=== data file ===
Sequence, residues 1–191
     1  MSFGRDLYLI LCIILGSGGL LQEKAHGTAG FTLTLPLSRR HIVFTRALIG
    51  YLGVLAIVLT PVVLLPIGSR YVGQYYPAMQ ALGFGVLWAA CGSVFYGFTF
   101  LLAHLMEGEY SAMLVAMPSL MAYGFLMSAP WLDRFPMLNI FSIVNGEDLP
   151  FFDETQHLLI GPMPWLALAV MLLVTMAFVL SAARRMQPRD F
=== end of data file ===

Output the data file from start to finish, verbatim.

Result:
Sequence, residues 1–191
     1  MSFGRDLYLI LCIILGSGGL LQEKAHGTAG FTLTLPLSRR HIVFTRALIG
    51  YLGVLAIVLT PVVLLPIGSR YVGQYYPAMQ ALGFGVLWAA CGSVFYGFTF
   101  LLAHLMEGEY SAMLVAMPSL MAYGFLMSAP WLDRFPMLNI FSIVNGEDLP
   151  FFDETQHLLI GPMPWLALAV MLLVTMAFVL SAARRMQPRD F